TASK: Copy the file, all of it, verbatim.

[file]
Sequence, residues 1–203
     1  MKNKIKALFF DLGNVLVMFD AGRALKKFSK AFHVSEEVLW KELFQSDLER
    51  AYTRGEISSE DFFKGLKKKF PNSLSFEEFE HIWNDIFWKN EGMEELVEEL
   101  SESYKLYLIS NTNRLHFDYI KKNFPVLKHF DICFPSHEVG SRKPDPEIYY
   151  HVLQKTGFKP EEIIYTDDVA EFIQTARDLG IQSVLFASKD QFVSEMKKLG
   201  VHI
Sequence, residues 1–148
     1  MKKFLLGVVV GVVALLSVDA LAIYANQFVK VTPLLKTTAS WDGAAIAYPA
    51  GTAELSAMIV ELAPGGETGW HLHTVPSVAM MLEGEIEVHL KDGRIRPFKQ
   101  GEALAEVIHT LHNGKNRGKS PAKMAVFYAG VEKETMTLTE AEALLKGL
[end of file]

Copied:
Sequence, residues 1–203
     1  MKNKIKALFF DLGNVLVMFD AGRALKKFSK AFHVSEEVLW KELFQSDLER
    51  AYTRGEISSE DFFKGLKKKF PNSLSFEEFE HIWNDIFWKN EGMEELVEEL
   101  SESYKLYLIS NTNRLHFDYI KKNFPVLKHF DICFPSHEVG SRKPDPEIYY
   151  HVLQKTGFKP EEIIYTDDVA EFIQTARDLG IQSVLFASKD QFVSEMKKLG
   201  VHI
Sequence, residues 1–148
     1  MKKFLLGVVV GVVALLSVDA LAIYANQFVK VTPLLKTTAS WDGAAIAYPA
    51  GTAELSAMIV ELAPGGETGW HLHTVPSVAM MLEGEIEVHL KDGRIRPFKQ
   101  GEALAEVIHT LHNGKNRGKS PAKMAVFYAG VEKETMTLTE AEALLKGL